BYU ranked fourth most ‘stress-inducing’ school in the country


A College Magazine article attempted to name the “most competitive, challenging and stress-inducing” schools in the country and placed Brigham Young University as number four on the list. BYU surpassed Harvard, United States Naval Academy, Columbia and Princeton, among others, in CM’s roundup of the most “high-strung” universities in the United States.

Meghan Higgins feels anything but relief as she digs deep into her studies.
Meghan Higgins feels anything but relief as she digs deep into her studies. (Photo by Elliott Miller)

The article claimed that BYU’s strict honor code and tough requirements for major programs contribute to its high-stress atmosphere. The author, Jensen Werley, explained that the unique combination of BYU’s high academic ranking with its rigid rules led her to put it on the top of the list.

“The fact it was reported that you couldn’t have caffeine or alcohol made (BYU) seem more stressful than a school where you can buy a giant coffee to help you stay up all night or drink a beer after a week of tests,” Werley said. “I imagine if an Ivy League student had their coffee taken away they would stress even more.”

However, BYU students like Mairin Mildenhall feel that substance restrictions in BYU’s honor code are not a source of stress at all, as most students were already accustomed to living according to its standards before they came to college.

“For the vast majority of students here, drinking and drugs are not even a temptation,” Mildenhall wrote in a comment on the article. “In fact, most people who choose BYU do so because they prefer an environment that is free of substance abuse.”

The College Magazine article quoted BYU student Addison Day, a sophomore who plans to apply for the accounting program in June. Day said he was contacted by Werley, who was looking for a student from BYU to contribute to her story about the most high-strung schools in America. Werley stated in her article that Day said rules against drugs and alcohol at BYU “only add to the stress.”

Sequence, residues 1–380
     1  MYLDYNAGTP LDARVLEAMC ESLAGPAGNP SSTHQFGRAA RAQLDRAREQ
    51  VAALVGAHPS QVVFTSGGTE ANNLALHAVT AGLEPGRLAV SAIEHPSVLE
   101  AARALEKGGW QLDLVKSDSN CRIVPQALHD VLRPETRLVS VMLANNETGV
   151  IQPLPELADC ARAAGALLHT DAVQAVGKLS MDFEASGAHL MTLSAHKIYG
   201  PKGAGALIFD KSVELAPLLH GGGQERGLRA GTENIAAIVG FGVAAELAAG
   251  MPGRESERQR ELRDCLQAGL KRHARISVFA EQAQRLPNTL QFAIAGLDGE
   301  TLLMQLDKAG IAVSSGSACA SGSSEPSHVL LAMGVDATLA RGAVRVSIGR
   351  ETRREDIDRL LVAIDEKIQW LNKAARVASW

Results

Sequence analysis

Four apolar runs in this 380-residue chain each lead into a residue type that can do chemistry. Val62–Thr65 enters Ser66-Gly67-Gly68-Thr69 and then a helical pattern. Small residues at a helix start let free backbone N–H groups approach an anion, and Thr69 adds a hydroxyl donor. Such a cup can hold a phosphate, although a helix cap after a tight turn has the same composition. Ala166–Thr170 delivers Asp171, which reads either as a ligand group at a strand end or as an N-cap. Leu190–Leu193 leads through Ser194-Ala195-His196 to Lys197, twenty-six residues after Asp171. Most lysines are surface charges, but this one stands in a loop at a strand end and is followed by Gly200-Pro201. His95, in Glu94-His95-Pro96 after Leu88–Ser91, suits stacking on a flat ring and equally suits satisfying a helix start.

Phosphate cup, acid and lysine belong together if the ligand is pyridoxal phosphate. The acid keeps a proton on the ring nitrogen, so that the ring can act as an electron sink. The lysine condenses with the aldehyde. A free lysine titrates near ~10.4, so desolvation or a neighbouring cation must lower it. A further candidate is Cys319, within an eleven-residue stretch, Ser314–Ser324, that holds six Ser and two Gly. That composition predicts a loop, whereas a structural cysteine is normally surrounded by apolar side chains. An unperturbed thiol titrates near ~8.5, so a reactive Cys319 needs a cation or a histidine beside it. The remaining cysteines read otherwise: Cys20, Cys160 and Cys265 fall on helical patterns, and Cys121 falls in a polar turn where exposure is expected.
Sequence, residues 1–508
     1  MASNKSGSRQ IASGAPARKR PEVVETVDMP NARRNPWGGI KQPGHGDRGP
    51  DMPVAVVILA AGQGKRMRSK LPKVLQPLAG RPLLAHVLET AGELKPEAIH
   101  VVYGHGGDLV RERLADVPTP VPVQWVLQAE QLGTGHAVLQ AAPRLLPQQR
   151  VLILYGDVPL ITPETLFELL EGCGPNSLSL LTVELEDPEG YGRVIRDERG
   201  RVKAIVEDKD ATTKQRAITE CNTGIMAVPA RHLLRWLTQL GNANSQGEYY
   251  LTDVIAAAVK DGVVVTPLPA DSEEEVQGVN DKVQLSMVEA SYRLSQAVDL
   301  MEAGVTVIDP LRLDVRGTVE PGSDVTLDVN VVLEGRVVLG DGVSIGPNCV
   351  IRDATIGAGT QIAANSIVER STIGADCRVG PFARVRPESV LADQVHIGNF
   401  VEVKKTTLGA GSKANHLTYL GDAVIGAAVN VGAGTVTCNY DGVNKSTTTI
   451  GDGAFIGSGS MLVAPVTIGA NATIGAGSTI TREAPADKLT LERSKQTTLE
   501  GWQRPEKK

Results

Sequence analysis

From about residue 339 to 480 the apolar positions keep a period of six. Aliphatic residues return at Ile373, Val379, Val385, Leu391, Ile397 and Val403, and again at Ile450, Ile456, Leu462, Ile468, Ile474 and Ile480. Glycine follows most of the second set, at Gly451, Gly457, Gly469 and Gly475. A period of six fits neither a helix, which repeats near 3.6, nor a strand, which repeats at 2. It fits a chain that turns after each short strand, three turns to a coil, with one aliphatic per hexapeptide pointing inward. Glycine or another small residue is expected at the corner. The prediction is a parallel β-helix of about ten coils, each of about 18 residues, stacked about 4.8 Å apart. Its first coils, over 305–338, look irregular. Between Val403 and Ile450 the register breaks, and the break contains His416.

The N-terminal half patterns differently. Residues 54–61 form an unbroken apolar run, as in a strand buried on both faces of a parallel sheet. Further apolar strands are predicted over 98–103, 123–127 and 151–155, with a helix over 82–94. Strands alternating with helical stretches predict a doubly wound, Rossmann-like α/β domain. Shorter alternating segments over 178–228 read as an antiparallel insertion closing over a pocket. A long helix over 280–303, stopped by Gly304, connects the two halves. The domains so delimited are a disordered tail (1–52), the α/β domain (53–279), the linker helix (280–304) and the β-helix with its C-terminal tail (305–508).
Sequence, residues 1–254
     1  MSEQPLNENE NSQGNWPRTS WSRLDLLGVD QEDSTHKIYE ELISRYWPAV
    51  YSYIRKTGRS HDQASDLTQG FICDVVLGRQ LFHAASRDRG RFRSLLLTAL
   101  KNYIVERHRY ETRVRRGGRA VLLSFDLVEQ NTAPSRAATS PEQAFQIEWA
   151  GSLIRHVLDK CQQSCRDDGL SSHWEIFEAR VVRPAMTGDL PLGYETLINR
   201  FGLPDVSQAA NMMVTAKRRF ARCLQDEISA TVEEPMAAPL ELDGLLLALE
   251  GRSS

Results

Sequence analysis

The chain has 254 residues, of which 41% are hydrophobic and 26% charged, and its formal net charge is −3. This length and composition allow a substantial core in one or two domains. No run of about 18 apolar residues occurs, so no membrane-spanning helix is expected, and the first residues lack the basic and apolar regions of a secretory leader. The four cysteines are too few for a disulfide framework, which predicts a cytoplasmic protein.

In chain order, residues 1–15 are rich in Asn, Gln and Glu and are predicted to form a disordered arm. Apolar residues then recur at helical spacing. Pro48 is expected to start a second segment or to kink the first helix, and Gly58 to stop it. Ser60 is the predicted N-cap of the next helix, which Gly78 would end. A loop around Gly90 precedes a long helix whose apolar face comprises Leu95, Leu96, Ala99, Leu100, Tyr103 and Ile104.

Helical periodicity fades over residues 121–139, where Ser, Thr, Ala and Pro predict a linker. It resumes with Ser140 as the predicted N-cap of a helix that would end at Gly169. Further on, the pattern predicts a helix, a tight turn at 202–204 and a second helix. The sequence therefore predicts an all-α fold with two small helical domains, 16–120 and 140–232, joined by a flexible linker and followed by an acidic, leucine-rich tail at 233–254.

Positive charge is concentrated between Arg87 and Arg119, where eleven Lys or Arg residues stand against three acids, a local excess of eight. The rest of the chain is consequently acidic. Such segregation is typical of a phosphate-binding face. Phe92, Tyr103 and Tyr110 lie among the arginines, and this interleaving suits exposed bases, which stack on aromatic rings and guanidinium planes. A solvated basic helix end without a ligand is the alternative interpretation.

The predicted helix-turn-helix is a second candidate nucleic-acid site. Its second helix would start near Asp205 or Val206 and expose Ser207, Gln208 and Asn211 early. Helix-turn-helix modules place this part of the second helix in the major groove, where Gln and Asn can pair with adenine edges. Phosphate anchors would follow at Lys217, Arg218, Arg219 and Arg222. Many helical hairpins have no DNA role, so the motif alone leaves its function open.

Day said he hoped speaking to The Universe would help clear up his name, as he has been receiving some heat from fellow students who feel he improperly represented how BYU students feel about their honor code. Day said he felt Werley implied a meaning from his words that he had not intended. When asked if he personally feels the honor code adds to stress at BYU, Day said, “No, not at all. It makes it better.”

“The first thing that I said is (the honor code) probably makes it easier for most people,” he said. “But I did definitely describe the school as high-strung, you know, it’s competitive. It’s a hard school. But it wasn’t because of the honor code.”

Whether or not BYU’s honor code is a source of stress for students, it reflects a general expectation for quality not only in academics but also in morality and health that can be above and beyond what other universities require of their students.

Meghan Higgins, a pre-communications major, explained that she wasn’t surprised to see BYU ranked as one of the top stress-inducing schools because she believes BYU sets a uniquely high bar for its students in every aspect of their lives.

“We work hard not only to achieve good grades, but also to live a morally honorable life by the standard of our school’s honor code without the loose activity that often surrounds other schools to help students get by,” Higgins said. “I believe the stress that results in the combination of the two is equivalent and comparable to the stress levels of maintaining a 4.0 GPA at Harvard.”

Challenging academics and the honor code may not be the only sources of stress unique to BYU students. Economics major Lauren Cole said the pressure to maintain an active dating life and to ultimately find a spouse can add additional anxiety in a culture where the importance of marriage is heavily emphasized.

“Not only are we expected to perform at school, but we are also expected to perform at relationships,” Cole wrote in a blog post responding to the College Magazine article. “How is that for freshmen stress.”

Cole said she feels high stress could also be related to a Mormon culture that values continued personal progression in every area. “It’s a harder lifestyle,” she said in an interview.

“I am not saying that BYU isn’t worth it,” Cole wrote. “BYU and the gospel of Jesus Christ offer a peace and a perspective that other college students just don’t have. I am just saying that BYU can be hard and stressful sometimes and that come finals week at BYU you may be running into many stress-induced psychos!”

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